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India smashes record for world's biggest single-day rise in coronavirus cases, with oxygen running low

22 April 2021 - 09:15 By Reuters
An oxygen tanker leaks at a hospital premises where Covid-19 patients died due to a lack of oxygen in Nashik, India, on April 21 2021 in this still image taken from video.
An oxygen tanker leaks at a hospital premises where Covid-19 patients died due to a lack of oxygen in Nashik, India, on April 21 2021 in this still image taken from video.
Image: ANI via REUTERS

India marked a new milestone in the Covid-19 pandemic on Thursday, reporting 314,835 new daily cases, the highest one-day tally anywhere, as its second wave and similar surges elsewhere raised new fears about the ability of health services to cope.

Hospitals across northern and western India, including the capital, New Delhi, have issued notices to say they have only a few hours of medical oxygen required to keep Covid-19 patients alive.

More than two-thirds of hospitals had no vacant beds, according to the Delhi government's online data base and doctors advised patients to stay at home.

“The situation is very critical,” Dr Kirit Gadhvi, president of the Medical Association in the western city of Ahmadabad said.

“Patients are struggling to get beds in Covid-19 hospitals. There is an especially acute shortage of oxygen.”

Krutika Kuppalli, assistant professor at the Division of Infectious Diseases, Medical University of South Carolina in the US, said on Twitter the crisis was leading to a collapse of the health-care system.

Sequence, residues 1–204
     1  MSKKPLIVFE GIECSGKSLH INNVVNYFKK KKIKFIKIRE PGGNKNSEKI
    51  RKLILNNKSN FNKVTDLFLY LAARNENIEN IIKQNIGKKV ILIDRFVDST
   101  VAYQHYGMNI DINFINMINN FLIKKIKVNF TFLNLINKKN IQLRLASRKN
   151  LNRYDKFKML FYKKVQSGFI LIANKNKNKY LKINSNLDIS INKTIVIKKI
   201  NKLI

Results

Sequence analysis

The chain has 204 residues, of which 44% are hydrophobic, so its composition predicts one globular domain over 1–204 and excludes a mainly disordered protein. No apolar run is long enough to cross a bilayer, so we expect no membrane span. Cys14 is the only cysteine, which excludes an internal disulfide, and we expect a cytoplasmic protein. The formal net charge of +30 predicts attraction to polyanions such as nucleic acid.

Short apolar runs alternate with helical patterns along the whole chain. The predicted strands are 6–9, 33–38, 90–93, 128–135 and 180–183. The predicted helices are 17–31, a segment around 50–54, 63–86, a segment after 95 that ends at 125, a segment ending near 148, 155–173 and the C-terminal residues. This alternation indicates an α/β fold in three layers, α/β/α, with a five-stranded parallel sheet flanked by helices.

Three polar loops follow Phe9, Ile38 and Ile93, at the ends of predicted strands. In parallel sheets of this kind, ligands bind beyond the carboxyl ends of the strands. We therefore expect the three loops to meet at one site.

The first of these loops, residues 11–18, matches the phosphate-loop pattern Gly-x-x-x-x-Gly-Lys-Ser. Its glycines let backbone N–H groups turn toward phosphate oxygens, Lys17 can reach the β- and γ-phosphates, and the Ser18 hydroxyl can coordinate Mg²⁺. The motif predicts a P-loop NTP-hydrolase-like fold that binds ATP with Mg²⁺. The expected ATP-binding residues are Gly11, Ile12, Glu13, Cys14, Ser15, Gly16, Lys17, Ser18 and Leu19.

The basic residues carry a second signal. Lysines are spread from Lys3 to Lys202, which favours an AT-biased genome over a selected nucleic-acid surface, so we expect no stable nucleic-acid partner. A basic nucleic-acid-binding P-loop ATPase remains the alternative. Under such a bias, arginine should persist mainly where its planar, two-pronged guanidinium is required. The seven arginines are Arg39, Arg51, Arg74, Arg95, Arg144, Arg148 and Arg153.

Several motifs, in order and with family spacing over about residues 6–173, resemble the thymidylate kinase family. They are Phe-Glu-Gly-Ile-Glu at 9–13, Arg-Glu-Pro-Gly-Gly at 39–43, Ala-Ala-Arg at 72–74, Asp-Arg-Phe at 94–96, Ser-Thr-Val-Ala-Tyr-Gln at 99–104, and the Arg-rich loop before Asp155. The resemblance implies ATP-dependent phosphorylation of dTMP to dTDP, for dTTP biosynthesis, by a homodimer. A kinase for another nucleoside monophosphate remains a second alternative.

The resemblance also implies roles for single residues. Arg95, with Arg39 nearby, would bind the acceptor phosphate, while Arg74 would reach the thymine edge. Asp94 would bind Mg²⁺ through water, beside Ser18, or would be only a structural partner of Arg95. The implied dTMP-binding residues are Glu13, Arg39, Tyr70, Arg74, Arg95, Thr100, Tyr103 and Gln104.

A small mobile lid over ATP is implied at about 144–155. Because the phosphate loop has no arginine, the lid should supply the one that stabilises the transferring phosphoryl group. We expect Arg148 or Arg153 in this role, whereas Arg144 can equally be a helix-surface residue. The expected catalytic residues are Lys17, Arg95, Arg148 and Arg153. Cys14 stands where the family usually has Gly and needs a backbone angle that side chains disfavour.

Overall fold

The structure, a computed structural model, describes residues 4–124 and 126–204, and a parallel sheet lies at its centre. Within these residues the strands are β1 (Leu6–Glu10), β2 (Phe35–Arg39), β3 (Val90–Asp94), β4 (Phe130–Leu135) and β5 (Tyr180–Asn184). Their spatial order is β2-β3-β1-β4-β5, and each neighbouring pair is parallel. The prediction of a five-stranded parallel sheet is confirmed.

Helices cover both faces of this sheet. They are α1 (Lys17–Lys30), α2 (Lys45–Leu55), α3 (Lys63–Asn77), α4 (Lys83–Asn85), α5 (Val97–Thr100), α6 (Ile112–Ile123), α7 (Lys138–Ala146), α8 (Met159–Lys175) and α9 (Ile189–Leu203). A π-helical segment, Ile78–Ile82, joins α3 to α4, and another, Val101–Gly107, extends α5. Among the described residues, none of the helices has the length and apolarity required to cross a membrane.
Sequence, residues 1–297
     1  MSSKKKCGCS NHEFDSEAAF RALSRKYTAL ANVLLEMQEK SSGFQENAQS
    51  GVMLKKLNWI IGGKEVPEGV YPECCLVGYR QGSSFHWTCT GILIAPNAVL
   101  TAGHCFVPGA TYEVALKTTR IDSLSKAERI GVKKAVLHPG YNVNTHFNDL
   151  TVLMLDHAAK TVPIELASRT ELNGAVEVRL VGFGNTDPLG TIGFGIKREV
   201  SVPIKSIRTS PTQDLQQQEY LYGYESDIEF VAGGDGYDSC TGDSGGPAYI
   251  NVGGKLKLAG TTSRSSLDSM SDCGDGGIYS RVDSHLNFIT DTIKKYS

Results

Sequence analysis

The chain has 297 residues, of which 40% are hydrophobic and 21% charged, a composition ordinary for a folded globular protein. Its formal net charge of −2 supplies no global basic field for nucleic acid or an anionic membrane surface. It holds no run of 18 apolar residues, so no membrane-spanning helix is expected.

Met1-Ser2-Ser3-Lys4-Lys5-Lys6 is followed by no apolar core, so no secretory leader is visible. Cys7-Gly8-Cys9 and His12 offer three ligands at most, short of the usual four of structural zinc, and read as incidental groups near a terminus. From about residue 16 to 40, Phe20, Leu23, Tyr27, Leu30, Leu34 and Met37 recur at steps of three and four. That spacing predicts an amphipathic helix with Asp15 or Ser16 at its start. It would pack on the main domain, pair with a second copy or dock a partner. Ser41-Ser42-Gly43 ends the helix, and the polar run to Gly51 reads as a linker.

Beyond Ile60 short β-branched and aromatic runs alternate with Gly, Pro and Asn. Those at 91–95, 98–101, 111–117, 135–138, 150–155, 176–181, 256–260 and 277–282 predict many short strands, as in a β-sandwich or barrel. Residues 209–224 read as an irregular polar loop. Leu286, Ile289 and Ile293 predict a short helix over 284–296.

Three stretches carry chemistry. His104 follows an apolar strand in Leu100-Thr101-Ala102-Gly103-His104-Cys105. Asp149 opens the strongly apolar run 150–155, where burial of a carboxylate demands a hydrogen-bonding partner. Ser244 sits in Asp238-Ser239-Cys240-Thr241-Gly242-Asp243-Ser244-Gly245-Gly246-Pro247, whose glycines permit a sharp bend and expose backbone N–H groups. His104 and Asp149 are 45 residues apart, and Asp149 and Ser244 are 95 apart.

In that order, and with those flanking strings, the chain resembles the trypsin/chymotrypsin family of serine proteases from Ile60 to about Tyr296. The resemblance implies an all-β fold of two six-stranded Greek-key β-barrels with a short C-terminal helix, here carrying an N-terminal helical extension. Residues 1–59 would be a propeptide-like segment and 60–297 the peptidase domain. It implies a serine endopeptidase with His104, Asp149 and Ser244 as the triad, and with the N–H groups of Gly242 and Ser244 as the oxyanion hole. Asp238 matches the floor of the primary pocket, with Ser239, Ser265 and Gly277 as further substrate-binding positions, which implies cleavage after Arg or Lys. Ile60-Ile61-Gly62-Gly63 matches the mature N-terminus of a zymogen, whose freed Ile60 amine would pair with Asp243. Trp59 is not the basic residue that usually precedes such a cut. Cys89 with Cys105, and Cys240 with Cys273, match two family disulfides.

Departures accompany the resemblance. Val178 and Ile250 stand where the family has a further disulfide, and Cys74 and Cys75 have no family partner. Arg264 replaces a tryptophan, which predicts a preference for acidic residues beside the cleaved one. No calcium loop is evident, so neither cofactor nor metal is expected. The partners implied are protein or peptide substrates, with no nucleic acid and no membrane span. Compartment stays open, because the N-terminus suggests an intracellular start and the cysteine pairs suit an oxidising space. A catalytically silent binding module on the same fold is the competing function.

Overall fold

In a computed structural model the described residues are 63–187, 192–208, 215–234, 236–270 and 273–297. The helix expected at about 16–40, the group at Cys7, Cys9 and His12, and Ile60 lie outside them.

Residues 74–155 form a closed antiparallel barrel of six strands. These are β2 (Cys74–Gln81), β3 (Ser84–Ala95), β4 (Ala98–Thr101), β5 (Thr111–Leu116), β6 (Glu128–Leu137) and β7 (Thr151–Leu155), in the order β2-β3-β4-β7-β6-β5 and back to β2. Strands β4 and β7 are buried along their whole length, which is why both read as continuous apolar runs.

The previous record one-day rise in cases was held by the US, which had 297,430 new cases on one day in January, though its tally has since fallen sharply.

India's total cases are now at 15.93 million, while deaths rose by 2,104 to reach 184,657, according to the latest health ministry data.

Television showed images of people with empty oxygen cylinders crowding refilling facilities in the most populous state of Uttar Pradesh as they scrambled to save relatives in hospital.

“We never thought a second wave would hit us so hard,” Kiran Mazumdar Shaw, the executive chairperson of Biocon & Biocon Biologics, an Indian health-care firm, wrote in the Economic Times.

“Complacency led to unanticipated shortages of medicines, medical supplies and hospital beds.”

Similar surges of infections elsewhere, in South America in particular, are threatening to overwhelm other health services.


India has launched a vaccination drive but only a tiny fraction of the population has had the shots.

Authorities have announced that vaccines will be available to anyone over the age of 18 from May 1 but India won't have enough shots for the 600 million people who will become eligible, experts say.

Health experts said India had let its guard down when the virus seemed to be under control during the winter, when new daily cases were about 10,000, and it lifted restrictions to allow big gatherings.

Prime Minister Narendra Modi's government has come in for criticism for holding packed political rallies for local elections and allowing a religious festival at which millions gathered.

On Thursday, despite the biggest public health emergency the country has faced in a generation, people were voting in the eastern state of West Bengal for a new state assembly in an election that Modi has been campaigning in.

“It's a festival of democracy and everyone is participating. You can see the queues,” said Krishna Kalyan, a candidate from Modi's ruling Bharatiya Janata Party.

Experts say new variants, in particular a “double mutant” variant that originated in India, are largely responsible for the new spikes in cases.

“The double mutant ... is considerably more infectious than the older strain of virus,” said Gautam Menon, a professor at Ashoka University.